NC Supreme Court

NC Supreme Court

Top Story Weekly Briefing

Judges not legislators: State Supreme Court’s legitimacy depends on continued respect for precedent

Maybe the change was an inevitable byproduct of our current charged and contentious era. Maybe it was naïve to ever think that things were dramatically different in the past. Whichever the case, one thing for sure in 2022 is that public perceptions of the American judiciary as a neutral dispenser of blind justice ain’t what they used to be. And indeed, those altered perceptions may reflect a new, sobering, and thoroughly politicized reality.

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Law and the Courts News Top Story

Worries abound for criminal justice under a Republican state Supreme Court

Many advocates for reform are concerned about the high court’s rightward shift. Republicans took control of the North Carolina Supreme Court last week, winning two seats and flipping the court from a 4-3 Democratic majority to a 5-2 Republican one. The Republican majority is guaranteed through at least 2028. That could mean more gerrymandered maps that favor the GOP, a reversal of the landmark Leandro ruling that would lead to a massive increase in education funding across North Carolina, and further restricted access to abortion.

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Other Voices Progressive Voices Top Story

Could election results spur an immediate reversal of a landmark state Supreme Court ruling?

The North Carolina Supreme Court – or at least a slim majority of its members – invoked its solemn duty to uphold constitutional rights when it agreed in a Nov. 4 ruling that the state must spend more money to upgrade its system of public education. The General Assembly – or at least the Republicans who run things in the legislative branch’s mid-century modern temple in Raleigh – now is gearing up to invoke its solemn power to convince the court to buzz off.

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Law and the Courts Top Story

Supreme Court candidates tout nonpartisanship as deeply partisan election looms

The four candidates running for two open seats on the North Carolina Supreme Court all gave different versions of the same message at ...
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Law and the Courts Top Story

Policy Watch interviews NC Supreme Court candidates: Part Two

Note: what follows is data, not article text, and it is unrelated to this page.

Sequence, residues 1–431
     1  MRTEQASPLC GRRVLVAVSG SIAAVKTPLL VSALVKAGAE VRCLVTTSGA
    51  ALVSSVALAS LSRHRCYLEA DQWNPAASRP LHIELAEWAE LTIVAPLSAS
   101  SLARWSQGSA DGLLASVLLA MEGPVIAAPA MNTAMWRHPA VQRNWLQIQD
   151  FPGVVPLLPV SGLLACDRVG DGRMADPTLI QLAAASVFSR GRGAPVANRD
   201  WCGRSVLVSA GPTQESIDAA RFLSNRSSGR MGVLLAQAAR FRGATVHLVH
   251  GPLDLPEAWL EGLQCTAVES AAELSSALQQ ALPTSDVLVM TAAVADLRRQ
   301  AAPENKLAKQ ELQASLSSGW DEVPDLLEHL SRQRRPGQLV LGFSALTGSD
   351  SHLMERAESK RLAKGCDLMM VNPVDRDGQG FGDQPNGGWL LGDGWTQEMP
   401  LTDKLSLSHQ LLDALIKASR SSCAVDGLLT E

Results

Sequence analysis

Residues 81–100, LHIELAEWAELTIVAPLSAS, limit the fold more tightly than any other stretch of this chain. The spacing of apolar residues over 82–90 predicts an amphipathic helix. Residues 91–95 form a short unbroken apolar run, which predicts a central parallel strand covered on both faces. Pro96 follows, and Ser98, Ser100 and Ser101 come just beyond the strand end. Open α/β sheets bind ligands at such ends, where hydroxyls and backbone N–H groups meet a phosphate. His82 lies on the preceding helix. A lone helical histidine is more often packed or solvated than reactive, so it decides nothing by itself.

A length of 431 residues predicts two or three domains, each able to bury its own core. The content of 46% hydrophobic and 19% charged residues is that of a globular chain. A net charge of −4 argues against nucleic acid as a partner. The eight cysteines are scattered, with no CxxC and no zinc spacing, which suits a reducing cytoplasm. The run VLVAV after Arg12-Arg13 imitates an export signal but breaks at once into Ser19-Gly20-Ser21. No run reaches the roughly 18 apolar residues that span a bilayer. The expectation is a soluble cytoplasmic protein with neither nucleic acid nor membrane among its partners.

Two Supreme Court seats are on the ballot this Election Day, offering Republicans the opportunity to flip the state’s highest court. Policy Watch has reached out to each of the four candidates and is publishing their responses from interviews conducted in October. Democrat Lucy Inman and Republican Richard Dietz are squaring off in a race to replace Supreme Court Justice Robin Hudson, who is retiring. Both Inman and Dietz are judges on the North Carolina Court of Appeals.

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Defending Democracy Law and the Courts Top Story

Policy Watch interviews NC Supreme Court candidates: Part One

Two North Carolina Supreme Court seats are on the ballot this Election Day, offering Republicans the opportunity to flip the state’s highest court, which currently includes four Democrats and three members of the GOP. Policy Watch has contacted each of the four candidates and is publishing their responses. Sam J. Ervin, IV is the incumbent associate justice running for reelection as a Democrat. He has been a member of the Supreme Court since 2015. He served on the North Carolina Court of Appeals before that, from 2009 to 2015. He was also a member of the North Carolina Utilities Commission from 1999 to 2009.

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Defending Democracy Law and the Courts News Top Story

Gerrymandering debate returns once more to the NC Supreme Court

Elections week continues at the state’s high court as justices weigh another appeal involving redistricting. The North Carolina Supreme Court wrestled once again with the issues of redistricting and gerrymandering on Tuesday in a case in which Republican lawmakers contend they should be allowed to draw maps however they choose, regardless of whether they dilute the voting power of people casting a ballot in favor of Democrats.

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Environment

NC Attorney General’s Office argues that DuPont’s holding companies should also be on the hook for PFAS liabilities in NC